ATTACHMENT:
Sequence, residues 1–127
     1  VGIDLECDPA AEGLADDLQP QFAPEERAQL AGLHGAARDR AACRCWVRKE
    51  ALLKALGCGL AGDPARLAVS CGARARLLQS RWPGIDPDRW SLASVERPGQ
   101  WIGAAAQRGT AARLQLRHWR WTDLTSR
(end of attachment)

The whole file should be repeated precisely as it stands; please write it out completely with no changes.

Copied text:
Sequence, residues 1–127
     1  VGIDLECDPA AEGLADDLQP QFAPEERAQL AGLHGAARDR AACRCWVRKE
    51  ALLKALGCGL AGDPARLAVS CGARARLLQS RWPGIDPDRW SLASVERPGQ
   101  WIGAAAQRGT AARLQLRHWR WTDLTSR